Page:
Finding the right investor
There is more to choosing an investor than money. In this edited extract from my book, From Vision to Exit – The Entrepreneur’s Guide to Building and Selling a Business, I set out my thoughts on the issues that determine success when securing investment.
Get to know them
Your pitch may be perfect, but investors invest in people. They invest in likeable individuals who they can believe in and who they believe they can work with. The same goes for those seeking investment. Essentially, you are looking for a like-minded and supportive partner, someone you can relate to who engenders trust. They must believe in your vision and how you intend to build the business. Friction and finance don’t mix.
“We’ve got a guy who has turned down six angels because he feels that the chemistry just isn't right, that the skills that they'd bring are not the skills that he'd like. He just didn't get a good feel for them,” says Bill Morrow, founder of Angels Den.
Compatibility is critical and one way you might achieve this is to find an entrepreneur to back you; someone who has already built one or more businesses, who knows and understands the process. Ariadne Capital pioneered the model of entrepreneurs backing entrepreneurs. “That's our model,” says Julie Meyer, founder. “We set up in 2000 and our 53 founding investors have backed early stage companies, so now we're institutionalising that with our entrepreneurs fund.”
Julie believes that entrepreneurs who are already successful are ideally placed to back the next generation, understanding the twists and turns along the way. “Otherwise you get investors who are not prepared for the level of panic and change and risk that happens in high growth businesses.”
Ultimately you need to do whatever you can to ensure that investors add value rather than detract from it, and the only way to do this before signing a deal is to match your expectations with theirs. It doesn’t always work.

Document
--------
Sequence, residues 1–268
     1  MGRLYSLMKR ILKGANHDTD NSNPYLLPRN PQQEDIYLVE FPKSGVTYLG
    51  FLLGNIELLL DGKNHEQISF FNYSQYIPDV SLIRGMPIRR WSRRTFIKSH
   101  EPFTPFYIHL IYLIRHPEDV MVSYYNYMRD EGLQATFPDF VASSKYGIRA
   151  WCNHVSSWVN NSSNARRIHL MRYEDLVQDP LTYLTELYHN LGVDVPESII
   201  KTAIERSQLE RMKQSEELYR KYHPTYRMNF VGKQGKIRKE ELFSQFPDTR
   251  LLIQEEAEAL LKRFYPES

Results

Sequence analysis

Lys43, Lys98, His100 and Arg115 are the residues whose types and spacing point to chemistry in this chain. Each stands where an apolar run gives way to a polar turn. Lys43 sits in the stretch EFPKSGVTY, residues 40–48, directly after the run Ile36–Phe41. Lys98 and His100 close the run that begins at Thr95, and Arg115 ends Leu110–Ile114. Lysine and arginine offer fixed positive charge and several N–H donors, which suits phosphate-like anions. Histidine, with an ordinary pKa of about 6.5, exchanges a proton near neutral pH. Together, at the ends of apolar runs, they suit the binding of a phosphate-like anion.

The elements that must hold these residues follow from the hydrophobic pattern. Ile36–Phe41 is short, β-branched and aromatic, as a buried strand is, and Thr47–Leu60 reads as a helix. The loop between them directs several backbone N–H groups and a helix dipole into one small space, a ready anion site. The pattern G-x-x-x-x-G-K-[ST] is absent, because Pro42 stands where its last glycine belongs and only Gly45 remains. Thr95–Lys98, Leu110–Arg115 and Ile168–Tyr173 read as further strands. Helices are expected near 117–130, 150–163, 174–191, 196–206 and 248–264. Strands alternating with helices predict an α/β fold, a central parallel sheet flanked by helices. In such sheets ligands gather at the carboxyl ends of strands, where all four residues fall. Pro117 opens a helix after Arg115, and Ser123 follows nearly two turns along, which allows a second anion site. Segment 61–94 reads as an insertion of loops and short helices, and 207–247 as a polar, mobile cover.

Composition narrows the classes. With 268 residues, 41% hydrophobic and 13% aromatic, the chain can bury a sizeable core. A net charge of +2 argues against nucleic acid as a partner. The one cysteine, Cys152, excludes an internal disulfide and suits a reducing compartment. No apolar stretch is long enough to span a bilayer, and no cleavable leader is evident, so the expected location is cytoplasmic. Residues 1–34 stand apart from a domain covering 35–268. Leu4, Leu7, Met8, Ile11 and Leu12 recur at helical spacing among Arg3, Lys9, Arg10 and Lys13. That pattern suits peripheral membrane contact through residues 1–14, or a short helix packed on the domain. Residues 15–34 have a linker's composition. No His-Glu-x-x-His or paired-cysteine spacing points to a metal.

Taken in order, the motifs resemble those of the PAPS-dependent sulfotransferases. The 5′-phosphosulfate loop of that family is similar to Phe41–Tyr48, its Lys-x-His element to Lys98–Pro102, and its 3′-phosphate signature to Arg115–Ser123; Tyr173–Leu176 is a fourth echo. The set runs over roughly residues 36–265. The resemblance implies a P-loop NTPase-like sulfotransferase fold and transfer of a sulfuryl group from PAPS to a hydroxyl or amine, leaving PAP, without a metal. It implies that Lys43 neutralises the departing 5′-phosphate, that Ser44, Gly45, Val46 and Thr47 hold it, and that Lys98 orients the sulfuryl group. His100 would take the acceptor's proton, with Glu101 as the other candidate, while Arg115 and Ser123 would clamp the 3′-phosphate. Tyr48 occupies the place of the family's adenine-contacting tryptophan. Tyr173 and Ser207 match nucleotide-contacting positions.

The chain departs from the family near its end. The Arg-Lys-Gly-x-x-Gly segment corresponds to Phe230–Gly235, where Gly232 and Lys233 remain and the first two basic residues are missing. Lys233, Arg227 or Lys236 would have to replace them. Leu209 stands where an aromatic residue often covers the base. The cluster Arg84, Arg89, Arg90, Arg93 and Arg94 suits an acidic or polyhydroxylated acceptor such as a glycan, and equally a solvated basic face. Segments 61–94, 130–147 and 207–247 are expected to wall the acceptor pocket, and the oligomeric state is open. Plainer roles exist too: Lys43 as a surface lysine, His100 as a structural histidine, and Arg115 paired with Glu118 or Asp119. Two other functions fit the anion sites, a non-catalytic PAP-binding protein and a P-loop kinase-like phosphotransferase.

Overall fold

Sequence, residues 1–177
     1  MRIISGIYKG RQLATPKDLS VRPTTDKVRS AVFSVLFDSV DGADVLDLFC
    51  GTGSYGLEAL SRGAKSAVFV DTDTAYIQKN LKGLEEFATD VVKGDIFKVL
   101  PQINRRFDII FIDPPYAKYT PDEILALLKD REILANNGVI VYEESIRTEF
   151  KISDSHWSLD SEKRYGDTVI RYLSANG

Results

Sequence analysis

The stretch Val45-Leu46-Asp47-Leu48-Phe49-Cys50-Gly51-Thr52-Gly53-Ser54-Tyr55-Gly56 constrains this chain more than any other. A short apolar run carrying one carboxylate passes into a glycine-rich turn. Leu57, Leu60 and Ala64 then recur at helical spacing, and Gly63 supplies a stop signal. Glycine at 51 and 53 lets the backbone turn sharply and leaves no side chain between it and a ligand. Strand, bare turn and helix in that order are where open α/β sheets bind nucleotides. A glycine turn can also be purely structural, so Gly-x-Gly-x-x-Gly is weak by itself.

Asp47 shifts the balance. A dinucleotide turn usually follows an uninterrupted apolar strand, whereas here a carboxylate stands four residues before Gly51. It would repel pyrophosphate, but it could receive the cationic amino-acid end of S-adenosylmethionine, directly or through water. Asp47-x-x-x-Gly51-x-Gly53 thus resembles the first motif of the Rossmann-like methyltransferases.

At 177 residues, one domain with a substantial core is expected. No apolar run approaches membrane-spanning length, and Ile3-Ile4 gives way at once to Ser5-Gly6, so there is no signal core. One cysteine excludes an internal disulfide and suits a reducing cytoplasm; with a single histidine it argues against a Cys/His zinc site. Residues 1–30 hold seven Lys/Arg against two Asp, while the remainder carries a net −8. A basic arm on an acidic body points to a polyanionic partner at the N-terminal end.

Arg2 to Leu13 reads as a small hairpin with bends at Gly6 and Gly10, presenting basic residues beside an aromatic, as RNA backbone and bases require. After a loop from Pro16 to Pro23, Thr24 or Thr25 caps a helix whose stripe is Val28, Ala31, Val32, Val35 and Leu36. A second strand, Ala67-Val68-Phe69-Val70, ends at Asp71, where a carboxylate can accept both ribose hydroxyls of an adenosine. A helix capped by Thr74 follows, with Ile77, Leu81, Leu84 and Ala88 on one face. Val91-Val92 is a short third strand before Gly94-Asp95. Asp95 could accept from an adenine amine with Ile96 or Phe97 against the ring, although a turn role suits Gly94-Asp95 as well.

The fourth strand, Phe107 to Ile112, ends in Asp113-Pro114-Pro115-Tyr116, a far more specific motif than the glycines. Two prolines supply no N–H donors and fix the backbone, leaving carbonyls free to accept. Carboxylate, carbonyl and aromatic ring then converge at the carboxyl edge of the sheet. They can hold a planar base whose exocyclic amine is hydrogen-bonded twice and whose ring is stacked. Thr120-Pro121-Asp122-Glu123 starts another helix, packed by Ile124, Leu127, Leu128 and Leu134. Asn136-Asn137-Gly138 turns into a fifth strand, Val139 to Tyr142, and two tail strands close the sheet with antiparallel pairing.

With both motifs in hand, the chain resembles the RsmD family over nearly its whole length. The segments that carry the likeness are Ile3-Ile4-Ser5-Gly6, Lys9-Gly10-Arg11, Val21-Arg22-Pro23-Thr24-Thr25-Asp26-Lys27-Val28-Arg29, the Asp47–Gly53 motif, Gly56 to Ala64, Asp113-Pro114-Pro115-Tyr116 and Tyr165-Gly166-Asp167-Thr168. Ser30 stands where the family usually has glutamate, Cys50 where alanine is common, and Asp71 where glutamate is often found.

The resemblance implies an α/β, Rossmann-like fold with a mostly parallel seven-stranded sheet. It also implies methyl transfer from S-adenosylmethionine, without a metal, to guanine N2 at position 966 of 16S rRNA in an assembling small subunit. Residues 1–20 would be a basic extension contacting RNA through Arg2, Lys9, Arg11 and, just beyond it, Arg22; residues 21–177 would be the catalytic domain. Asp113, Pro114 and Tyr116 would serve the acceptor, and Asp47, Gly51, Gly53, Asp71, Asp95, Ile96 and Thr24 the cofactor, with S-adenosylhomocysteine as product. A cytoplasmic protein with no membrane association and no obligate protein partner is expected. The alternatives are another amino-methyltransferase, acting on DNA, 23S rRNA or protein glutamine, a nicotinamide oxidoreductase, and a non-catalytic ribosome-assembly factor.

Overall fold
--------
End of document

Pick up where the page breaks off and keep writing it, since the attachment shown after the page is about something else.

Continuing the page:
For example, Piers Daniell’s company, Fluidata, had to buy out its early stage business angels as a result of a mismatch in long-term aspirations. This was despite hitting most of their targets.
“They didn't understand the business,” explains Piers. “And, because they were risk averse, they were trying to take as much money out of the business as possible.”
This meant that the business was being choked at a time when it needed the money in the company. By taking more money out of the business than they were putting in, the angels brought the business close to breaking point.
“That was one of the reasons that they were happy to exit,” says Piers. “As them staying in wasn’t a win-win partnership for either side.”
Piers subsequently secured alternative investment which he’s since paid back. The company is now debt free and profitable. He has no regrets because, without their initial investment of £150k, the company would have struggled to get to the size it needed to be by the time his suppliers reviewed their contracts. “We would’ve been affected in a different way had we never had them on board and it’s all worked out in the long run,” says Piers.
That said, it’s clearly preferable to avoid potential conflict by getting clarity around expectations and aspirations at the outset.
In some cases, entrepreneurs feel that they have had to give away too much to get the backing of their investors.
“A recurring complaint from business owners is that investors got their shares cheaply - but owners often forget that the value of their share of the business wouldn't be what it is without the investor's help,” says Brian Livingston, Head of M&A at Smith & Williamson. “Investment comes as a package - you should focus less on what it costs and more on where it gets you and what it allows your business to achieve.”
Brian believes that good investment goes beyond the cheque book. Know-how and opportunities can fuel a company’s growth as much as cash can.